Once the user has created the appropriate shape using the sketching tools, it will then be possible to create surfaces and solid geometry. NX contains various features that behave differently depending on the sketches and curves that have been created. Closed sections will create Solid geometry whereas open sections will result in surfaces. A section can consist of a single object or multiple objects which can be curves, edges or faces.
The exterior of my model is made from a number of different surfaces in order to meet the requirements of the Ford Mustang’s aerodynamic design. A common method that I used throughout my car was the “Swept” tool. This surface tool involves extruding a sketch or a curve along a guide which can be curve, a solid edge, or a solid face. However, all the objects in each guide string must be smooth and contiguous. You can select one, two, or three guides which can control the orientation and scale of the section string along the sweep using the orientation and scaling options.
When using three guides the user wants to shear the body on an independent axis. When you use three guides, the first and second guide defines the orientation and scaling of the body. The third guide shears the body.
Similar to the Swept tool is the “Studio Surface” tool. This behaves much of the same way. However it does not have a limit to guides or a number of sections that can be used.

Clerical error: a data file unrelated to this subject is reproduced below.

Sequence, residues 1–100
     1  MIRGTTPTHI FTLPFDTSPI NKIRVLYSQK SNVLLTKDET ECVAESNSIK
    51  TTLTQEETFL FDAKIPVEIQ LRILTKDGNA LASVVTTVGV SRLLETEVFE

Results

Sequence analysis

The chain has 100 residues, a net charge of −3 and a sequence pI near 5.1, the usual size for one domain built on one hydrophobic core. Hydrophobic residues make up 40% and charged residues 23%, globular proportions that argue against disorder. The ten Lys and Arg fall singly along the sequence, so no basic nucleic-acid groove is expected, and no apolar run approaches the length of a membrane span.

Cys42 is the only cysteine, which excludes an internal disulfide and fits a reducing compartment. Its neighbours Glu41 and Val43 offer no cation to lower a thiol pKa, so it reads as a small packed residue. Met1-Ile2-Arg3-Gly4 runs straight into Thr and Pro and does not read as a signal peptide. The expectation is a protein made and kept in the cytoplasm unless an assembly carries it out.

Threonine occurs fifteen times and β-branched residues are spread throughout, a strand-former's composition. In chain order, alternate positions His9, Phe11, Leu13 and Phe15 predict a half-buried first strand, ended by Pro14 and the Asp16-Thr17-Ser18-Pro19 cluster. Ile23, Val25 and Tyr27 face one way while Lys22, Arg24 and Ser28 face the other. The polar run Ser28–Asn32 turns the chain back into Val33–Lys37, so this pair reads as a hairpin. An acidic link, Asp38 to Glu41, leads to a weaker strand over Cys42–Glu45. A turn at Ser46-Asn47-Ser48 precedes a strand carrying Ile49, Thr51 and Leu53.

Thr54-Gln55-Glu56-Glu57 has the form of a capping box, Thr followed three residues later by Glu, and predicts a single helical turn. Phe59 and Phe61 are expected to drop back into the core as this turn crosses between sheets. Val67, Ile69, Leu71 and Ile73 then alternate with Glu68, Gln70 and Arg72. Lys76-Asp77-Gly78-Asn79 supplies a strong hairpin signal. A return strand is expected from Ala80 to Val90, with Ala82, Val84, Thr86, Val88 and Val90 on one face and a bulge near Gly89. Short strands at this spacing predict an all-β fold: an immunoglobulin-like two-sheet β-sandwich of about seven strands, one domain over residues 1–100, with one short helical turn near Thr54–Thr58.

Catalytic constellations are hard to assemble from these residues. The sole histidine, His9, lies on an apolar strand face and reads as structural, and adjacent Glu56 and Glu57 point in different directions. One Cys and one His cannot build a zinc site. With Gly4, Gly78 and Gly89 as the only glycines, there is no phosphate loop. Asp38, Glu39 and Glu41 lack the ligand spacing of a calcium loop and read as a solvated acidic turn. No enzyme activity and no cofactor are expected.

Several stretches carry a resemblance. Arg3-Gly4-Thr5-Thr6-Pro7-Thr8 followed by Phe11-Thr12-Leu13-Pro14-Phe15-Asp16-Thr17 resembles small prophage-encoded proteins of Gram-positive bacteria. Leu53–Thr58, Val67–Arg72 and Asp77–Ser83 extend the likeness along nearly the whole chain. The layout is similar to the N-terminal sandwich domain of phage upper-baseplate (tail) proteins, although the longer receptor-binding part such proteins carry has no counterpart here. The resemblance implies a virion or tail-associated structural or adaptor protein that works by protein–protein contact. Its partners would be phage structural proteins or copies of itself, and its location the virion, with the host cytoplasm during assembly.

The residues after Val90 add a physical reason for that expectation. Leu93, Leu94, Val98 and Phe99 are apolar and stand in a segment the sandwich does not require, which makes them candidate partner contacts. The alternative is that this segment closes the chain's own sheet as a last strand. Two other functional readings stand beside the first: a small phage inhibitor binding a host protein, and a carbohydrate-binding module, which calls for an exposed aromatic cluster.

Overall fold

You can also edit the output edge by selecting the “points” option from the drop down to create a better transition and smoother surface.
If the section profile is on a flat orientation an efficient method of creating a surface is by using the “Bounded plane” feature. This acts as a fill, however if the orientation of a section is slightly curved or angled then this will not work. On the other hand the “N-Sided Surface” feature will accomplish this task. An N-Sided Surface is used to create a surface with a set of end-connected curves. This is similar to the bounded plane because it also fills in a shape. All sketches and curves must connect for the process to be successful. If there are gaps in the geometry then the feature will fail to create the correct outcome. This feature is perfect to build a surface with an unlimited number of curves or edges that form a simple, open or closed loop, and assign continuity to outside faces. This tool can create a surface from complex drawings. You can also remove holes or gaps in surfaces that are not four-sided. Much of my bodywork for the Ford Mustang was made up from N-sided surfaces such as the rear, side panels and bonnet of my model because this feature displays good continuity.